This summer, the Canadian Intellectual Property Office (CIPO) released a practice notice on medical diagnostic method patents. This has been in the works for many years. A draft version was released for public consultation in 2012 and CIPO had indicated in 2013 that the practice notice was forthcoming.
The immediate effect of the practice notice is the resumed examination of diagnostic method patent applications which had been put on hold by examiners pending the release of these guidelines. Is the new practice favourable to patenting diagnostic methods? It is too soon to say how examiners in the Patent Office will apply the guidelines. The answer may be, in any event, it depends – the practice notice indicates that attention will be paid to the specifics of the diagnostic methods.
In short, examiners will be looking to see whether the method includes a physical step of acquiring data, which must be essential to solving a "data acquisition problem". Thus, for example, the notice indicates that if (i) the method relates to an analyte not within the common general knowledge, or emphasizes deficiencies in prior means to identify or quantify a particular analyte; and (ii) includes steps such as detecting or measuring the concentration of the analyte, which provide a solution to the problem, the method will likely be patentable.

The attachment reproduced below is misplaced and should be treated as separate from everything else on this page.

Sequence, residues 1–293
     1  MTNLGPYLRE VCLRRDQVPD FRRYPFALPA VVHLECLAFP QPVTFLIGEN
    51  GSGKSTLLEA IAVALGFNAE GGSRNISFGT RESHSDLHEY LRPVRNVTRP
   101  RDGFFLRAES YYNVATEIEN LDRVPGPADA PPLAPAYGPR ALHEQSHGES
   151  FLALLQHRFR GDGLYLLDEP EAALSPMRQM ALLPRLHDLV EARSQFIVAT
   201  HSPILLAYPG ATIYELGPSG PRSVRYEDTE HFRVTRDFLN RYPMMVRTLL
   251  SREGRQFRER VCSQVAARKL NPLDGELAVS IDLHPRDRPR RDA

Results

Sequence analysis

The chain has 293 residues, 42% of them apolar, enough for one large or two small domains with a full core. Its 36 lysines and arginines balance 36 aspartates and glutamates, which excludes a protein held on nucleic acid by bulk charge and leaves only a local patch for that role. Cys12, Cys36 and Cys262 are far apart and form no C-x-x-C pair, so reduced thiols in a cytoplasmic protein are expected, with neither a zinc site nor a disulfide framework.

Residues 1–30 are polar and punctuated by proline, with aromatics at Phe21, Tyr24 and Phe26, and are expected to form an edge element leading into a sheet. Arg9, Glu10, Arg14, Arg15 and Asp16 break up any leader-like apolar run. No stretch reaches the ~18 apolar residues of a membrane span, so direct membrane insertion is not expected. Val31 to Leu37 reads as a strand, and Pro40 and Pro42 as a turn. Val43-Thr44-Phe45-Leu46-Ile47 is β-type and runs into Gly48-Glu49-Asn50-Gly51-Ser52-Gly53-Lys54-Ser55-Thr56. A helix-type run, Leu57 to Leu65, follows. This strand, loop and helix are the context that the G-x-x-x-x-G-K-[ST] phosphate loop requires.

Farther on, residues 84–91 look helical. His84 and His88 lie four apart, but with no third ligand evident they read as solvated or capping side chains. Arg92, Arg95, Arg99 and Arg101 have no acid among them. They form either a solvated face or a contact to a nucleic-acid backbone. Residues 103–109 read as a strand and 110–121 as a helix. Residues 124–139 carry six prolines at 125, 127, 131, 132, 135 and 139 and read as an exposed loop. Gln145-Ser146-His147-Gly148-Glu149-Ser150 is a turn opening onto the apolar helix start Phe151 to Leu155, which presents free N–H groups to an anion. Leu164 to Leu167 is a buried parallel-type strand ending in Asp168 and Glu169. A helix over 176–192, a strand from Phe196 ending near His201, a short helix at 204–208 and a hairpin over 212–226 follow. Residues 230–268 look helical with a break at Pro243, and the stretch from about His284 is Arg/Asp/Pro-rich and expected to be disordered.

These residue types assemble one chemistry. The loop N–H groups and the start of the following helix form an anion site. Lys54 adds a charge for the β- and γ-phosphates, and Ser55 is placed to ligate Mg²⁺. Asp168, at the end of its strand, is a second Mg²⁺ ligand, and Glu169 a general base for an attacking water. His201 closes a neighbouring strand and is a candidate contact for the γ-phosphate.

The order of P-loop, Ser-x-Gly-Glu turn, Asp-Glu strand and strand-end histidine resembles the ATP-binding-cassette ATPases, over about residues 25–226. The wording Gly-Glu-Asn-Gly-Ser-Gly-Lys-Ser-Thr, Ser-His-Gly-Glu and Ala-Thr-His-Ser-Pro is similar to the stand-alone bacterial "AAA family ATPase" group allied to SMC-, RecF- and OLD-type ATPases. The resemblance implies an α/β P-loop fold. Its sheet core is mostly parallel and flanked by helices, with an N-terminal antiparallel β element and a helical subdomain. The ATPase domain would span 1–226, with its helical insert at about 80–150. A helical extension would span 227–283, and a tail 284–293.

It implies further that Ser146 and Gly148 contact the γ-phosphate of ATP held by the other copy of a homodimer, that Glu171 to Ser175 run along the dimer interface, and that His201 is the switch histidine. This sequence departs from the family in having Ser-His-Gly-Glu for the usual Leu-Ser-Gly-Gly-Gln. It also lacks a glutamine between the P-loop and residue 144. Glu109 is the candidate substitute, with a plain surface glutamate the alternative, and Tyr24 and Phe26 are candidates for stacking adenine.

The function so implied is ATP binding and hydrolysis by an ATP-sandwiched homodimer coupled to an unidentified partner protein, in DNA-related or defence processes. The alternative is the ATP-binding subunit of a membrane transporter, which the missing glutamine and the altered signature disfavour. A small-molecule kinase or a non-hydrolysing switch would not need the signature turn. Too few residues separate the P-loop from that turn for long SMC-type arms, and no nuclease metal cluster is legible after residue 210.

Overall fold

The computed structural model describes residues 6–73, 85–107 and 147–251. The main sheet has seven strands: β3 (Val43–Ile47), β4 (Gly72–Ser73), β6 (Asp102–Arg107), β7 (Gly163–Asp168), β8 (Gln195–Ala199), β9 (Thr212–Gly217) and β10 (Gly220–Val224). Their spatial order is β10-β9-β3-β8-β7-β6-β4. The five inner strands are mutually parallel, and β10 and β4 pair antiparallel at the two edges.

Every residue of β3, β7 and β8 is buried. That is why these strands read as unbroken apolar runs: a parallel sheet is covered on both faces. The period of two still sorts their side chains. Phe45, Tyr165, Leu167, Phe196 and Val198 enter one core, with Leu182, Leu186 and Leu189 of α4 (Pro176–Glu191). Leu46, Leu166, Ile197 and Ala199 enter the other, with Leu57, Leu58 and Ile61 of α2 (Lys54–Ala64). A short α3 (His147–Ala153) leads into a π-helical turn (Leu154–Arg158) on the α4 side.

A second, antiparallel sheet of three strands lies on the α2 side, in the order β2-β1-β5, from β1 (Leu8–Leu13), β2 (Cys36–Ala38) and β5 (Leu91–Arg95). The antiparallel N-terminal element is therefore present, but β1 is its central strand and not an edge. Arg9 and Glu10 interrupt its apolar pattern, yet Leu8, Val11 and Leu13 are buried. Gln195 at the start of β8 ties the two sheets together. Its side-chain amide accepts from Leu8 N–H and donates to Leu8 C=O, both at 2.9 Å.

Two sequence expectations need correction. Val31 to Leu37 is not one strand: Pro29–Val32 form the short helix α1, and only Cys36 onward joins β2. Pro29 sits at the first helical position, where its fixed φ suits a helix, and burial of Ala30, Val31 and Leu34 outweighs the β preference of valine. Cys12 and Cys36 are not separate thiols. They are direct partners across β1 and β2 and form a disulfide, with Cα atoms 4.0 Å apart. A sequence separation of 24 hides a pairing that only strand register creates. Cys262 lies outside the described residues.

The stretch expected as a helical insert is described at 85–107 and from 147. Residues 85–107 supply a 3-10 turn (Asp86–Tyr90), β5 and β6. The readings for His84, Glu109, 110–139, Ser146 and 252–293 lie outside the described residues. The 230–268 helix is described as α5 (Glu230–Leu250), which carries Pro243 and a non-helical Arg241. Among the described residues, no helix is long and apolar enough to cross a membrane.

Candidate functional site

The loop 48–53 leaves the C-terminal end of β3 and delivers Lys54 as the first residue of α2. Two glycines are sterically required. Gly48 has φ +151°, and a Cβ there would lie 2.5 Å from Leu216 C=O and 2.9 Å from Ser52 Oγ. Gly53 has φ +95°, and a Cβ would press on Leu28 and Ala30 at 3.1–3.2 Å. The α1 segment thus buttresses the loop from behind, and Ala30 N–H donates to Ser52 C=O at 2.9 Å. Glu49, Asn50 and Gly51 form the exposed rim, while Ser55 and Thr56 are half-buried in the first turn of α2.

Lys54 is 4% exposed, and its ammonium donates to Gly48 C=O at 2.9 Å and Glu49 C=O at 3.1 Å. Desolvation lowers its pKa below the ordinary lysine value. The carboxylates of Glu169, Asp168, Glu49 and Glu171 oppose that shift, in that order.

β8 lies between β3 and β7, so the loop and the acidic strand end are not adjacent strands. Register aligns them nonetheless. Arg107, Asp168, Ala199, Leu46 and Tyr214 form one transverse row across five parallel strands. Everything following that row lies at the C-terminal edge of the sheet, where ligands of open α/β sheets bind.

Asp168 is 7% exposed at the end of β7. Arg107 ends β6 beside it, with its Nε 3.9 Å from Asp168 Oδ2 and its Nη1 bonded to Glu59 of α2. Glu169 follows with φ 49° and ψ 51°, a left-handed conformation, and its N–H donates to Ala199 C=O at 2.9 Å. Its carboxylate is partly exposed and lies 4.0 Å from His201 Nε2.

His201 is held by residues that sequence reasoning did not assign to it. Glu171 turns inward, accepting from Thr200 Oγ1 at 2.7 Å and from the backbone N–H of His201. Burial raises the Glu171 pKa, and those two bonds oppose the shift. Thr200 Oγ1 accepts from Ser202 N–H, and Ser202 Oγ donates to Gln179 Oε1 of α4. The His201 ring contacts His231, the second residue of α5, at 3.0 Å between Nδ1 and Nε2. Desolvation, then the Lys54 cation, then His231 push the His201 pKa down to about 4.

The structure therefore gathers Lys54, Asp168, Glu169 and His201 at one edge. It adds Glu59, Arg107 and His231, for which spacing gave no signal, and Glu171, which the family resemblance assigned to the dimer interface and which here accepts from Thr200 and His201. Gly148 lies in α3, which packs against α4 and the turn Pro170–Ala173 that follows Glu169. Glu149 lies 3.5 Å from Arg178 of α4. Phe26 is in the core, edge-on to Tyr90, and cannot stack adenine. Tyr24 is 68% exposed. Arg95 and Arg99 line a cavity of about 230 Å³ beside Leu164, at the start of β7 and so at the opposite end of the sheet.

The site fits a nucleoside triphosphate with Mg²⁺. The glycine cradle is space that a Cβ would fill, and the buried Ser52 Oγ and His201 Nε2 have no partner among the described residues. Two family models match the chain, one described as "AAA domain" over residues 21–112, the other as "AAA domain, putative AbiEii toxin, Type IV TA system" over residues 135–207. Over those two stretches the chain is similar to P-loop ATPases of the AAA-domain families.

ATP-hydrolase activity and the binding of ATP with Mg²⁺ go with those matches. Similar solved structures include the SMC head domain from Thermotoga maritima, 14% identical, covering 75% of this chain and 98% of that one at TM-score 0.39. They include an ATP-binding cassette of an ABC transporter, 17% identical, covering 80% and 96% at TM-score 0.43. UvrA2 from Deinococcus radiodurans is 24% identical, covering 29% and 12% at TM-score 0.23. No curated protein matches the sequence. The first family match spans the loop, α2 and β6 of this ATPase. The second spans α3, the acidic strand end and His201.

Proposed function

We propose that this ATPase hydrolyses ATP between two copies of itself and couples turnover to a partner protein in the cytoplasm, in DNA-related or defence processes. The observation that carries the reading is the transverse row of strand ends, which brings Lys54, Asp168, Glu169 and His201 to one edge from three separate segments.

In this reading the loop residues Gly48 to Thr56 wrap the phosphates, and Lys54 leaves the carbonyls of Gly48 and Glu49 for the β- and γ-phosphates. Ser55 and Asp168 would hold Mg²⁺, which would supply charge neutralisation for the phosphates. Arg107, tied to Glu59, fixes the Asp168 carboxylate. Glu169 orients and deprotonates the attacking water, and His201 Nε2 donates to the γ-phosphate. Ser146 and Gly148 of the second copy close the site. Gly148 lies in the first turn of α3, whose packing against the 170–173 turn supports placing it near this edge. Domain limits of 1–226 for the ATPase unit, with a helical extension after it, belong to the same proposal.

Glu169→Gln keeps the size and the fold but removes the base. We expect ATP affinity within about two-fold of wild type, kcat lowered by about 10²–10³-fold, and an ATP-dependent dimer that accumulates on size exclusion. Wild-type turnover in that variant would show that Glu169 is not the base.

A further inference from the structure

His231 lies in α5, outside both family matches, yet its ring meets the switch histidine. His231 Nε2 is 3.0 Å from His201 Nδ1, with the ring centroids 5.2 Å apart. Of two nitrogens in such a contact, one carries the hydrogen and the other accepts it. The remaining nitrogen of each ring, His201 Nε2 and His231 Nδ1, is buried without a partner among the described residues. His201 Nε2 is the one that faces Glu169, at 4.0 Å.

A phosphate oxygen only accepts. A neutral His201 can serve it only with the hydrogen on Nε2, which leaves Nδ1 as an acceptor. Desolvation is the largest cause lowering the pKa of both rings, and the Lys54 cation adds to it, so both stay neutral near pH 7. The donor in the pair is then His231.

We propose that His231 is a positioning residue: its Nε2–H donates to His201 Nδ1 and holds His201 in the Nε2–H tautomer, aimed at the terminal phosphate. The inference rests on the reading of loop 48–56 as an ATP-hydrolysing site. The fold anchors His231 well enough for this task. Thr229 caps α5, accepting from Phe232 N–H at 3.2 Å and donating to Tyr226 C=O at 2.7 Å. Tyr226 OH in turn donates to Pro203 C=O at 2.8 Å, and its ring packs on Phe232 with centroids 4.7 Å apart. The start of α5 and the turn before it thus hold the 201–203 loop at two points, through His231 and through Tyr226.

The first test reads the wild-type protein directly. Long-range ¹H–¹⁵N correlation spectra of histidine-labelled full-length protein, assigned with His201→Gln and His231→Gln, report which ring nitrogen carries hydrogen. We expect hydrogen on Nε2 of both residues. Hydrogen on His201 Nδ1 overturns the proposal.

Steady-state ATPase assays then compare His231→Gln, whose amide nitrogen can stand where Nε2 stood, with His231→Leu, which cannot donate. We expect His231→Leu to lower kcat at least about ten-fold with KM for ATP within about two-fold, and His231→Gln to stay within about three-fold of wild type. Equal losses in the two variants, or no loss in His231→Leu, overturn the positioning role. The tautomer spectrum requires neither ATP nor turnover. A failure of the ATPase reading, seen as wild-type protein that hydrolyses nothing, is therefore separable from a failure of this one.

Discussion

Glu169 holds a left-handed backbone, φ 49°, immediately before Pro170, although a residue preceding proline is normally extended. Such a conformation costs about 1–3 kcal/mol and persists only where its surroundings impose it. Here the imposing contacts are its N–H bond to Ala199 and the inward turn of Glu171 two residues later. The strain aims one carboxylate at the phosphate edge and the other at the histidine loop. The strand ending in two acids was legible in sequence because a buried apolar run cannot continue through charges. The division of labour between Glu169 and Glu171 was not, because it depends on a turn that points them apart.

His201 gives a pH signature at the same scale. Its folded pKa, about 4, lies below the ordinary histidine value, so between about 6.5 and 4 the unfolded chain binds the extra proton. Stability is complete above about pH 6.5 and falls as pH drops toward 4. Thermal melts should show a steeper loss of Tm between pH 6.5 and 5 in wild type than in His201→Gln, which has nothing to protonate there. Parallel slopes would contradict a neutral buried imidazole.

On the other hand, the notice indicates that the diagnostic method will not be patentable if (i) the method relates to a "data analysis problem", for example by emphasizing the discovery of a correlation between a commonly known analyte and a disease, or stating that the described means to acquire data about a particular analyte are common general knowledge; and (ii) "disembodied" or mental steps, e.g. relating the presence of the analyte to the disease diagnosis, are the only essential elements to solving the problem.
The practice notice does not have the force of law. In this regard, judicial guidance may be forthcoming from an ongoing patent impeachment proceeding in respect of patents relating to genes and genetic testing methods. In that case, the Children's Hospital of Eastern Ontario contends that certain patents of Transgenomic Inc. prevent it from conducting a genetic screening program for long QT syndrome (an inherited cardiac disorder). The case raises issues of the patentability of matters purportedly directed to natural phenomena or to abstract comparisons (for example between patient and reference genetic sequences) involved in diagnoses. If the litigation proceeds to a decision – an "if", since the parties are apparently trying to settle according to the public Court database, and the hospital has indicated that, as a charity, it has limited funds for the litigation – judicial guidance may be available, albeit likely not for another two years or more.